Leave headers to the pros, NHS warns England fans getting injured in drunken kickabouts

The NHS has warned that England’s Euro 2020 success has led to a spike in injuries among drunk men during celebratory kickabouts.

Royal Cornwall Hospitals NHS Trust has urged football fans to “leave tacklers and headers to the pros” and stick to watching the Three Lions on the sofa following a rise in patients attempting to emulate their favourite players.

Twisted ankles, broken legs and concussion are some of the injuries patients are increasingly being admitted with at the trust’s emergency department since England began its historic race to the final of the tournament last month.

Doctors highlighted the role of alcohol in some of the medical mishaps they have witnessed, and are now urging men who have “had a few beers” to be especially careful when using jumpers for goalposts.

Dr Rob White, Cornwall’s urgent and emergency care lead clinician, said: “Our hospitals are really busy at the moment, and we’ve seen an increase in people with sports-related injuries needing treatment.

“The NHS actively encourages people to stay active with apps like Couch to 5K, but we want people to know their limits and take care when playing sports, particularly if they’re having a kickabout with friends after a few beers.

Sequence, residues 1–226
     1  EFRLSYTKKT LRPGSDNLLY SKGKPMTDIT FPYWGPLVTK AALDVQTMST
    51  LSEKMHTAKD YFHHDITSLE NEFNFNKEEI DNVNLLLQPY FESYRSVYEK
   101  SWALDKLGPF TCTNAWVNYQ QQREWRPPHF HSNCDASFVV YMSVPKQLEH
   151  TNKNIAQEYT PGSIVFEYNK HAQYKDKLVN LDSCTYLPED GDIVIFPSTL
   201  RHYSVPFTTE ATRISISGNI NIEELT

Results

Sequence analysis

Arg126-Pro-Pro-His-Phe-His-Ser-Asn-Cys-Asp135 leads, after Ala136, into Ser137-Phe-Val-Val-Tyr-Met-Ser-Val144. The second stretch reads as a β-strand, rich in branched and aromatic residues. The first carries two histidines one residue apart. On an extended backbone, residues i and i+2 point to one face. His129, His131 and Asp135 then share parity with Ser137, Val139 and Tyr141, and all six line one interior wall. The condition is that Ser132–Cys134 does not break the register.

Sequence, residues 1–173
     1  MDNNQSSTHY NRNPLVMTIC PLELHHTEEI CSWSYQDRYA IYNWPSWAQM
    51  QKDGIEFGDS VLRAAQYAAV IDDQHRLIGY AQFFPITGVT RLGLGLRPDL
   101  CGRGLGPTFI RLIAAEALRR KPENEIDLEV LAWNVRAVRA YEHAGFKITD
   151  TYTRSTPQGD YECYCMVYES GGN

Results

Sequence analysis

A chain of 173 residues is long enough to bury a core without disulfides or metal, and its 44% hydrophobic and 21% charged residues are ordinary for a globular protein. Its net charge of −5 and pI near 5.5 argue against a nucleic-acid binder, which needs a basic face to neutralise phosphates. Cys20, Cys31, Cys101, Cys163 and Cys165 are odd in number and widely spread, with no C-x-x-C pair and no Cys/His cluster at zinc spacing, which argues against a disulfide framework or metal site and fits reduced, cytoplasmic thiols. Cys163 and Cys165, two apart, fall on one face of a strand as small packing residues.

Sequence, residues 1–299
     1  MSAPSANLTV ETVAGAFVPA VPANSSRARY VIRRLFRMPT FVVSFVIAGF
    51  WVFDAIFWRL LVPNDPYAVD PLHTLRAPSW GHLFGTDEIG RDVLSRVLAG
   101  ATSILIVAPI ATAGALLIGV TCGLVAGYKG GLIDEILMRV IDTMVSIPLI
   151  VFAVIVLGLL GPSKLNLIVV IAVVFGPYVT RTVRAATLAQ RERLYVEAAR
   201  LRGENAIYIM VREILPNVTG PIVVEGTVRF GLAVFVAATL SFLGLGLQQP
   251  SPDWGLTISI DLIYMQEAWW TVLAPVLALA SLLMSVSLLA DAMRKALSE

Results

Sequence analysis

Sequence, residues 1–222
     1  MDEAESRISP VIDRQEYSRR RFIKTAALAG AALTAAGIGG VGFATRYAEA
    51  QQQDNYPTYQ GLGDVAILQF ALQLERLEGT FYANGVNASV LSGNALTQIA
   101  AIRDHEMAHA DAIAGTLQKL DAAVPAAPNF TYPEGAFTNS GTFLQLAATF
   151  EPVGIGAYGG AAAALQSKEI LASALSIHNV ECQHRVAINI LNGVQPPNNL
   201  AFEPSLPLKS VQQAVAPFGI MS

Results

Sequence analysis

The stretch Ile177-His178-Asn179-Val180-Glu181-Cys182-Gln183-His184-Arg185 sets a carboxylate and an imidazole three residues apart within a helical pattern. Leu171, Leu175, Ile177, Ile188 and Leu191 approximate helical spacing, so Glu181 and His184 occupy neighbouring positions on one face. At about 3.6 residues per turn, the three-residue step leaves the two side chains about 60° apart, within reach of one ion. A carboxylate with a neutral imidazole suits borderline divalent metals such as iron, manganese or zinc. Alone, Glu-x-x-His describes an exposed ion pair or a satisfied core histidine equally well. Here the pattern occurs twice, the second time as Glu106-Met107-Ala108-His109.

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“Players like Harry Maguire and Raheem Sterling train for years to tackle, defend and score goals, and the sad reality is that most of us will never reach their dizzy heights of success. So have fun, keep fit, but please leave the nifty footwork to the professionals.”

The trust’s emergency department and minor injury unit is getting so busy that it is now asking anyone with minor football-related injuries to instead call their GP or NHS 111 for advice.

“Cuts and scrapes can be treated at home using antiseptic, and plasters and bandages to avoid infections,” the trust said.

Ben Shephard, the presenter of ITV’s Good Morning Britain, has been recovering in hospital this week after injuring his leg while playing in the final of the Arthur Dunn veterans’ cup.

“Without realising, I have ruptured my ACL, torn the meniscus and fractured part of my leg as well,” he said.

“Interestingly, I didn’t realise I’d done it quite so bad. I kept playing for 20 or 25 minutes before I thought, ‘it feels a little bit unstable, maybe I should stop’.”

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